A Taste of Italy: Caprese Bean Salad
After our recent encounter with a very expensive bean salad at a restaurant, I found myself with a hankering for a homemade Caprese Bean Salad, at a fraction of the cost. It’s exactly what it sounds like it should be: a Caprese salad with the addition of green beans. We first had it at a Chicago Italian restaurant, but I’ve since included the dish in my rotation of simple-but-special salads. In fact, it’s one of the dishes that my mother has repeatedly asked a “recipe” for—my mother, who never would use a recipe in her Korean cooking! I hated to deflate her sense of wonder at what she considers exotic, but really the only fairly unique items you need are good balsamic vinegar and expensive fresh mozzarella.
Ingredients (to make 2 main dish salads or 4 side dish salads):
½ lb. trimmed fresh green beans (or haricot verts)
1 ripe tomato
1 ball of fresh buffalo mozzarella
4-5 large leaves fresh basil
4 T extra virgin olive oil
3 T aged balsamic vinegar
1 small clove garlic, minced
Coarsely ground sea salt and black pepper
1 T toasted pine nuts (optional)
Like most Italian dishes, the magic is in first-rate ingredients. You don’t need to utilize special preparations or sauces or a long list of spices and herbs. In fact, all you need in terms of seasoning would be good salt and pepper, fresh basil and garlic. But do make sure that your buffalo mozzarella is soft—even creamy in the center—and that it does not resemble any mozzarella that could be shredded! You need a ripe tomato that is room temperature, not something that is refrigerated or unripe or mealy. You get the idea. Everything should be in top form.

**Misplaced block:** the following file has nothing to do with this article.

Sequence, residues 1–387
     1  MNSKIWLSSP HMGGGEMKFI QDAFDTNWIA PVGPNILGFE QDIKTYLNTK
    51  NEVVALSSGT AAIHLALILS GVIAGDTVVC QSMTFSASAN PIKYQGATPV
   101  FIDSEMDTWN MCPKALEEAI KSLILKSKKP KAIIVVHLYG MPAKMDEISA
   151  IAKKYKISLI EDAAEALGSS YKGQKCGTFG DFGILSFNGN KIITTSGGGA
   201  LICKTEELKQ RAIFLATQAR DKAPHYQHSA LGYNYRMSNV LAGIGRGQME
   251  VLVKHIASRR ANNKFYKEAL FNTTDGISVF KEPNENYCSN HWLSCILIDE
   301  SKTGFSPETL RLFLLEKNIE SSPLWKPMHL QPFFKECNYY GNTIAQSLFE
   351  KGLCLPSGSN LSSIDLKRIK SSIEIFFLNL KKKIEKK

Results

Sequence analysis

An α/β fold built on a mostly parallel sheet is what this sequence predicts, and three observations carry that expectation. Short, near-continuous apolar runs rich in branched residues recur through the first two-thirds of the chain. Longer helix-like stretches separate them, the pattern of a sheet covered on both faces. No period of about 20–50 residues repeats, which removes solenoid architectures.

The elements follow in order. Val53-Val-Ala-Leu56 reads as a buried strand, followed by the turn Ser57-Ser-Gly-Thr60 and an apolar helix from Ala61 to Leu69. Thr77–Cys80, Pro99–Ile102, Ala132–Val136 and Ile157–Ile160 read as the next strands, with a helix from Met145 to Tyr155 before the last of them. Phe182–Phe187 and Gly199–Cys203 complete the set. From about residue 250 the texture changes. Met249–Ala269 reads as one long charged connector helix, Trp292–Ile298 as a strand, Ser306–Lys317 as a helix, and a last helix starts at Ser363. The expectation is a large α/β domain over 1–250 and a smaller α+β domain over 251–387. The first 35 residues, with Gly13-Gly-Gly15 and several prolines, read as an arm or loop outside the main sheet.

1. Boil a large pot of water and then add ½ t salt. Pour in trimmed and cleaned green beans and start the timer immediately. If using haricot verts, do not cook for more than 2-3 minutes. With regular green beans, you can cook for 4 minutes. As soon as the timer goes off, drain the beans and then dump the beans into a large bowl of iced water to stop the cooking process and to crisp.
2. Cut your ripe tomato into 8 wedges and place in a wide shallow salad bowl. Tear your fresh basil leaves into irregular pieces over the tomatoes. (Note: Thomas Keller believes that chopping fresh herbs leaves too much of the flavor on the cutting board. Sometimes, for aesthetics, I chiffonade herbs. Sometimes, I tear. Use your preference.)
3. Drain your beans and add to the salad bowl. Then combine minced fresh garlic, olive oil, and balsamic vinegar, and then salt and pepper to taste. Pour dressing over the beans, tomato, and basil. Mix gently. Top with wedges of buffalo mozzarella and toasted pine nuts (if using). Try not to mix again since you don’t really want to stain your milky mozzarella pieces with the dressing too much. (Note: At some restaurants, the buffalo mozzarella is an option--an expensive one at that. At our home we rarely opt not to include the cheese, but the salad is perfectly acceptable without it.)
Serve with a chunk of nice crusty bread to make a light and elegant dinner. Lately, we have become enamored of two different kinds of bread: a potato scallion boule and a mushroom rosemary roasted garlic baguette. They make nice companions to this salad, along with a glass of chianti.